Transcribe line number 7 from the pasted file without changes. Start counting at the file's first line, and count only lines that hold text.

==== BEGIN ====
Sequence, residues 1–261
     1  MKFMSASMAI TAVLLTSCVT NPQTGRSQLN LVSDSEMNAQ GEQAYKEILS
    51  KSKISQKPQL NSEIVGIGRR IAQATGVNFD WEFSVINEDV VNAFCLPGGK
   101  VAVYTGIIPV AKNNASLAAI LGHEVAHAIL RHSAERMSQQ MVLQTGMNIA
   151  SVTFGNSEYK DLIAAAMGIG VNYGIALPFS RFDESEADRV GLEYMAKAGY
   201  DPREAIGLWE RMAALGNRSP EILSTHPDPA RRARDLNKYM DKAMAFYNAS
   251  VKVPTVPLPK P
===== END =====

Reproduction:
   251  VKVPTVPLPK P